The videos and photos of the tsunami are well known, what is less known is how the areas look now, and how they are recuperating. From our time there, we can say with a reasonable amount of confidence, that the area is far from recuperated and that it is very difficult to imagine a time when it will be. Recovery depends very much on individual circumstances, but it has often been said that it takes around 7 years to recover from serious emotional damage. To date, it has been a little over 2 years since the disaster.
The people we have spoken to on our trips vary in their ability to socialise. Most seem very well adjusted at first, but are hesitant to talk about details or personal stories of tragedy. Once the conversation moves beyond the superficial, raw emotions begin to surface. What seems to be happening in 2013, is that the adults are generally finding themselves capable of motivating themselves to go back to work and begin rebuilding their lives, while the children are showing signs of serious psychological damage. Because of this, we have been working on ways to include children into our activities.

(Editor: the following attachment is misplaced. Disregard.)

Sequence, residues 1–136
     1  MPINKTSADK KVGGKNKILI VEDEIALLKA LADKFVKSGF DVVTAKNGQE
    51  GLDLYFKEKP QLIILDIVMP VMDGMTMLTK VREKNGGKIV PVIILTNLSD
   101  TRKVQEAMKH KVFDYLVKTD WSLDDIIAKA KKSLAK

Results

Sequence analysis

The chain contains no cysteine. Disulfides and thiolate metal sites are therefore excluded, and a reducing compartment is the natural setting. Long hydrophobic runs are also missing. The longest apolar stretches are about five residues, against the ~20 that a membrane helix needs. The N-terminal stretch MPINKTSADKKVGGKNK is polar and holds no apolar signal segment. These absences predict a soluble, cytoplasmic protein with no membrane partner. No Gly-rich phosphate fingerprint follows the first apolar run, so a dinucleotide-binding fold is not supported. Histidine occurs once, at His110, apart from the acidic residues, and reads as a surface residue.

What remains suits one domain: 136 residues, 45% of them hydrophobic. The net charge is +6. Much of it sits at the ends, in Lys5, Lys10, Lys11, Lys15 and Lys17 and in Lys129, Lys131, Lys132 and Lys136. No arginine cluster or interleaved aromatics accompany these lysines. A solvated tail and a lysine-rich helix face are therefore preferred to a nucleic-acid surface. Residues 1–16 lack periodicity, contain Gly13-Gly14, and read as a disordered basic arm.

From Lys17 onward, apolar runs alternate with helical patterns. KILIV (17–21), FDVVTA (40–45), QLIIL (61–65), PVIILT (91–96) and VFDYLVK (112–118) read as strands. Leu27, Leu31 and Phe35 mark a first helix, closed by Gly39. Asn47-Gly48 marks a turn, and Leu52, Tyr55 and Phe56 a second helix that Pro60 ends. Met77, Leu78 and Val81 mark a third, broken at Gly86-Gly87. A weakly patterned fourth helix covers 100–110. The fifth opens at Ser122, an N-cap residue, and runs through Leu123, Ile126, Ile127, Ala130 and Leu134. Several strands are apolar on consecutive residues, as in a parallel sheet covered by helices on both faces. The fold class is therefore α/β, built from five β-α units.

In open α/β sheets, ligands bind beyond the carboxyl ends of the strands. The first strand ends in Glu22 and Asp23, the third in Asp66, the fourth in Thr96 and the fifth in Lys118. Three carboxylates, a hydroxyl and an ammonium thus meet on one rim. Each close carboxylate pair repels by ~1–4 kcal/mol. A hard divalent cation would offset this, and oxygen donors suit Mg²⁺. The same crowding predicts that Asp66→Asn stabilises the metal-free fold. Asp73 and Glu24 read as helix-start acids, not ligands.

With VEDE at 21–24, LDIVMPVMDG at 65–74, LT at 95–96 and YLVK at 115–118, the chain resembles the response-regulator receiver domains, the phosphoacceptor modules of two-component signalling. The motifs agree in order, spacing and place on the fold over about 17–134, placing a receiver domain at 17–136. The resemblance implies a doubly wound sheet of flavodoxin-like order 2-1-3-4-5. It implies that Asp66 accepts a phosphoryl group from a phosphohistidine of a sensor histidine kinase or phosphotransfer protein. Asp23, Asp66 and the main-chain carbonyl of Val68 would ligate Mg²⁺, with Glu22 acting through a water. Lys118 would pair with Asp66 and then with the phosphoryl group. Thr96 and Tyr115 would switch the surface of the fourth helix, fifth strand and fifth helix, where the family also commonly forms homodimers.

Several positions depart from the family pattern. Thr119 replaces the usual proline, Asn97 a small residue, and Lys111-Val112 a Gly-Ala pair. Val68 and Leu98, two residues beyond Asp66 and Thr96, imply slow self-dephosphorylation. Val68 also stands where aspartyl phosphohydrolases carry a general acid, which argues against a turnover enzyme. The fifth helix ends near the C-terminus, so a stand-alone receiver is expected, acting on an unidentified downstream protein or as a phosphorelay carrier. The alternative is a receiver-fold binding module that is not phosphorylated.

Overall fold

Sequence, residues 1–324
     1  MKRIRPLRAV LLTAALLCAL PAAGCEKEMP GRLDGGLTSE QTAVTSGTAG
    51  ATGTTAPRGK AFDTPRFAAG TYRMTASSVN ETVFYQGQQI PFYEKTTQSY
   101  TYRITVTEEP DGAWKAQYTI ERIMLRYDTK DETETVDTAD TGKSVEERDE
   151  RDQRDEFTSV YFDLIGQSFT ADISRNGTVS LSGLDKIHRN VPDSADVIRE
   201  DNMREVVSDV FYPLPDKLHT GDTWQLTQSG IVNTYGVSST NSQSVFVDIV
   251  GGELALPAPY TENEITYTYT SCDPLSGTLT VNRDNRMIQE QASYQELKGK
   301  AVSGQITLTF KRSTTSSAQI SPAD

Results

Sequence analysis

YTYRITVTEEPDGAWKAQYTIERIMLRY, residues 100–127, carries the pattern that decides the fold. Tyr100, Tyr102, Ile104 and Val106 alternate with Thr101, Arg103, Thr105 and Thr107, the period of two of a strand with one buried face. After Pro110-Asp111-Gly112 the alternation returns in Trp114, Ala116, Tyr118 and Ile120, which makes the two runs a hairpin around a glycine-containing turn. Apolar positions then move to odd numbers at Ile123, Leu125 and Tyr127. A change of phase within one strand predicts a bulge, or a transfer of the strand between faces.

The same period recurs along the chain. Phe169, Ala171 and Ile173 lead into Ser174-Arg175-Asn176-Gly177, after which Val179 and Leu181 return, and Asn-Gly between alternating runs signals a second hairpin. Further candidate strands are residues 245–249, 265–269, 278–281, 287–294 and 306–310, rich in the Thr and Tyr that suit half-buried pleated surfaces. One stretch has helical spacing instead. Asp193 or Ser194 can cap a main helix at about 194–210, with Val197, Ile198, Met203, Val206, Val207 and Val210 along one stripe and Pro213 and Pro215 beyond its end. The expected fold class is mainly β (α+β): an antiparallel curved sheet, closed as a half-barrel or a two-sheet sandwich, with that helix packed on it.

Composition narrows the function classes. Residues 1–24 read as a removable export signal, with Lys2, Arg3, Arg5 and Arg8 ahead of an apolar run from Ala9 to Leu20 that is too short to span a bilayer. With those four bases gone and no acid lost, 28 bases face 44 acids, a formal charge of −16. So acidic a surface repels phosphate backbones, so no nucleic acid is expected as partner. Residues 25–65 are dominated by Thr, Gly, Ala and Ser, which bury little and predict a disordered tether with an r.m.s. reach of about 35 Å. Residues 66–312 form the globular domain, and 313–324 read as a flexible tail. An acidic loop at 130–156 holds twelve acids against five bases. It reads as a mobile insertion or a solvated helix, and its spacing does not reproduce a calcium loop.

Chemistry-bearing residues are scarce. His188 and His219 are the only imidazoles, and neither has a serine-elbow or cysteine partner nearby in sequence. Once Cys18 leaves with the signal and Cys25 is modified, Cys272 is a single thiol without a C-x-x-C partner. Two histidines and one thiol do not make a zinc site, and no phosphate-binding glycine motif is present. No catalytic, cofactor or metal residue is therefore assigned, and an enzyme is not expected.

There has been constant improvement in infrastructure rebuilding, but in many places this remains inadequate. The temporary houses are isolated groups of around 20 to 40 dwellings (on average), located on high land. Travel between these locations is difficult, as transportation is not widely available. There are very few supermarkets and almost no places where communities can gather, although there are frequent events such as festivals and concerts for those who are able to travel. The low laying land is, for the most part void of structures. Machinery are at work clearing the foundations of buildings and the train line remains as a ruin. Some sections of the train line are now being used as roads. Debris can still be easily found, as can half destroyed buildings. The large tuna ship in Kesennuma remains, but will be removed at the request of locals.
For more photos, please view our Facebook galleries.